Pre-treatment of MSCs Can Reduce Their Regenerative Properties

Mesenchymal stem cells (MSCs) are excellent suppressors of unwanted inflammation.  This anti-inflammatory activity has been established for systemic inflammatory diseases in animal experiments (Klinker MW, Wei CH. World J Stem Cells. 2015 Apr 26;7(3):556-67), and in clinical trials with human patients (Dulamea A. J Med Life. 2015 Jan-Mar;8(1):24-7; Simonson OE et al., Stem Cells Transl Med. 2015 Oct;4(10):1199-213. doi: 10.5966/sctm.2015-0021).  Stem cell researchers have also shown that MSCs can suppress inflammation in the bowel (see Swenson E and Theise N. Clinical and Experimental Gastroenterology 2010;3:1-10; Chen Z, et al., Biochem Biophys Res Commun. 2014 Aug 8;450(4):1402-8).

After being introduced into the body of a patient, MSCs to move to the site where they are needed (a phenomenon known as “homing”) and promote tissue repair and healing.  Sometime MSC homing works quite well, but other times, it is so-so.  Therefore, several inventive scientists have devised ways to beef up homing to specific sites in order to improve MSC-based tissue healing.  Also, investigators are equally interested in increasing the ability of MSCs to stick to tissues once they arrive there to ensure that the homed MSCs stay where they are needed (see Kavanagh DP, Robinson J, and Kalia N. Stem Cell Rev 2014;10:587-599).  Unfortunately, at the moment, the whole homing process is a bit of a black box and while artificially increasing homing might help in the laboratory, whether or not it increases the therapeutic benefit of MSCs is even less well understood.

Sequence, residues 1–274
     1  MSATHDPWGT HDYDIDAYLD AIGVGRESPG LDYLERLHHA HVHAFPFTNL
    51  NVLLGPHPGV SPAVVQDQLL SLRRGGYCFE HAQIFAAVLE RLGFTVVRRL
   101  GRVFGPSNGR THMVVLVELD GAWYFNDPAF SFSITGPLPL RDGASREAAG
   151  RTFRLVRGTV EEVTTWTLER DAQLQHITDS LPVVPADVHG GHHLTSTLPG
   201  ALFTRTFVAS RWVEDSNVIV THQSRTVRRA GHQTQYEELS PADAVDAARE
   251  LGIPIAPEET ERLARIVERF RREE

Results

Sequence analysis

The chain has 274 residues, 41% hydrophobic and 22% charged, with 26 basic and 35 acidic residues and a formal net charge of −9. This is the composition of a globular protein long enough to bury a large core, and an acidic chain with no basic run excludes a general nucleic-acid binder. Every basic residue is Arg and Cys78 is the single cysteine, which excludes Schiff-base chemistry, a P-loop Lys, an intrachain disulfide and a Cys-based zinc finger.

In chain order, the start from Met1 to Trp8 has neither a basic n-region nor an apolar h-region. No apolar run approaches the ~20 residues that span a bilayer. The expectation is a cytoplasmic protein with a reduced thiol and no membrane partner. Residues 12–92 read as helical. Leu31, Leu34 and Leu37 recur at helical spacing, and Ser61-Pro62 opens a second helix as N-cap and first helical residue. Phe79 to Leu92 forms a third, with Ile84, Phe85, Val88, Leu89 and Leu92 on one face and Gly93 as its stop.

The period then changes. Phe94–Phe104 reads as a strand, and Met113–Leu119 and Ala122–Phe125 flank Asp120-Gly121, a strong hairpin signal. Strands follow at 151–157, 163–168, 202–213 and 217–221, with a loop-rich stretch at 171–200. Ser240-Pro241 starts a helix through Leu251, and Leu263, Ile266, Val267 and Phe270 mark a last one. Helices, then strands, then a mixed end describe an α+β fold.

A new report from the laboratory of Neena Kalia, who works at the University of Birmingham, UK, has examined the effect of artificial enhancement on the therapeutic capacity of MSCs to treat inflammation in the bowel.  This is an important study because pre-treatment strategies have been suggested as ways to boost MSC homing and retention to various tissues.  The Kalia study suggests such pre-treatment strategies should be viewed with a degree of skepticism.